No Limit on Talent

Clara Peters, Paul Richardeau, and Reyna Hamui.

A skater should be excited to win their national title.

It’s like finding the golden ticket in a chocolate bar/ Or an invitation to that cool kid’s party.

Unless that invitation was meant for someone else.

In 2011, someone at the ISU had an ingenious idea, “Hey! Let’s place eliminate people from figure skating competitions. With a score they have to reach! This sport is hard. Let’s make this sport so hard, few will be able to reach the heights of glory! Another scotch. Neat.”

Okay, I’m sure it play out like this, but that’s what happened.

In figure skating, there’s two parts to the overall score, technical and component. This season, to qualify for the 2013 World Figure Skating Championships, depending on the discipline, skaters needed a technical score ranging from 24 to 32 in the short and 39 to 60 in the free program.

This may not seem high. One could look at some scores received by the mean, and think, “Meh, this should be a walk in the country.” If you like bears bears chasing you. One missed combination can blow the technical score. Fail to land on your double Axel on the toonie-thin blade, and see the marks plummet.

And it can happen to the best.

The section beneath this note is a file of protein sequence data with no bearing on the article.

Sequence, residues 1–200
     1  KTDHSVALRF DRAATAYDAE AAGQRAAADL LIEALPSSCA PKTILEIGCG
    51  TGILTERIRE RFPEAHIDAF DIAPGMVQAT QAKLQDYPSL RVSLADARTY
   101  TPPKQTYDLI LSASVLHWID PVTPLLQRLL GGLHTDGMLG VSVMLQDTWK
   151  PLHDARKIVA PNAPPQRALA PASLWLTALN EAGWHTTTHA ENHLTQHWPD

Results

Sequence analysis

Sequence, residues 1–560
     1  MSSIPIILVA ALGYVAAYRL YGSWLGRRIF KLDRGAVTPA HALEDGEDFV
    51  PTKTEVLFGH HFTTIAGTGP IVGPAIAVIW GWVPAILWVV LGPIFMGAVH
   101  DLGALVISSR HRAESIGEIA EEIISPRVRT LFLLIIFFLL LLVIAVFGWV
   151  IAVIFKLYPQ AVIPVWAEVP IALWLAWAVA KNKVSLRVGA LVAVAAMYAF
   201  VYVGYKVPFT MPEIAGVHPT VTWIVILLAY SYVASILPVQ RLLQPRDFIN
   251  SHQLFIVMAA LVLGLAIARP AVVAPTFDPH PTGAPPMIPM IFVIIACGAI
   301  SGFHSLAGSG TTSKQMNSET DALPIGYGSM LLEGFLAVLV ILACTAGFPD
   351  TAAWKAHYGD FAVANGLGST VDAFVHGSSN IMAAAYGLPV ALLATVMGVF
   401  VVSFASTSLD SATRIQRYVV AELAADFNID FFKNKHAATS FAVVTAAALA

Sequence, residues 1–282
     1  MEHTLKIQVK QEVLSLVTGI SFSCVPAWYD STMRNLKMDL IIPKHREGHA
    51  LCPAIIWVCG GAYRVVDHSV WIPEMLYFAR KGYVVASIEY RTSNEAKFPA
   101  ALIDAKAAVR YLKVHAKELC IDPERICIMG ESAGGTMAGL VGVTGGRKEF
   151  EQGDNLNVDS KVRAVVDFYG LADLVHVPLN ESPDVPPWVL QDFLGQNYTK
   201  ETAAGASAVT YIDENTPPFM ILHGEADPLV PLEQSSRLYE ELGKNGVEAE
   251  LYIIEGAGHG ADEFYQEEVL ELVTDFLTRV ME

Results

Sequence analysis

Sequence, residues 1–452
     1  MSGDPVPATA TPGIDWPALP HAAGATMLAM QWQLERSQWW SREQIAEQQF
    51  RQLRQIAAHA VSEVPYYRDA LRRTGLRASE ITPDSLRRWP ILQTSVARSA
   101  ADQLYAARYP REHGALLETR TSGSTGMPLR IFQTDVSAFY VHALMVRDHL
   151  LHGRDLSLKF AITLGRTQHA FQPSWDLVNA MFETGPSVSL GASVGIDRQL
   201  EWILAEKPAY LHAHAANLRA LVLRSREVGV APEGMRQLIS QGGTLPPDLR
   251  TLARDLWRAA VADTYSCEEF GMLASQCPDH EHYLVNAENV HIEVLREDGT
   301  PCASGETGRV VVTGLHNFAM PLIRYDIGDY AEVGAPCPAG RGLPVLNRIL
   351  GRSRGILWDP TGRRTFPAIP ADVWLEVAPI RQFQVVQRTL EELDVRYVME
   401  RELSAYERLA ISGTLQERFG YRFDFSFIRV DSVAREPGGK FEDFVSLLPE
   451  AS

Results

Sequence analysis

Canada’s Amelié Lacoste, for example, did not meet the ISU technical requirement, despite her undeniable talent. It doesn’t matter what’s landed in practice. What matters is the three or four and a half minutes in front of 7,000 people.

Then we have the Kevin O’Leary factor: money. Not all skaters have access to proper skating equipment, facilities, coaches, choreographers. Ice time is a luxury.

One of the arguments on a forum was “it’s time consuming to judge a bevy of skaters at the Worlds.” In my opinion, the ISU is discouraging skaters from wanting to compete at the higher levels. Many skaters dream about the Olympics and Worlds. If a skater is the champion of their country, it should be a realistic dream.

The lesser known skaters are often the most memorable.

In the 1994 Winter Olympics, a skater from Estonia lost the rivets on his skates after a jump. Margus Hernits short program came to a halt. After his rivets were gathered and his skates were repaired, Hernits was allowed to restart his program. His alien-like music blared over the speakers, and the crowd cheered for the 17-year-old. Hernits placed last, and he didn’t qualify to skate the free program. However, that program stands out. Because it was memorable. If he skated today, he may not qualify. Hernits had shaky landings and weak spins, but he skated with heart.

Remember Eddie the Eagle? Or the Jamaican bobsled team?

Years later, people remember them.

It should be the same for skaters from Ireland, South Africa and Mexico.

Clara Peters, Paul Richardeau, and Reyna Hamui.

When coaches tell skaters never limit their potential, why is the ISU telling them otherwise?

[Originally posted on the Edmonton Journal website]

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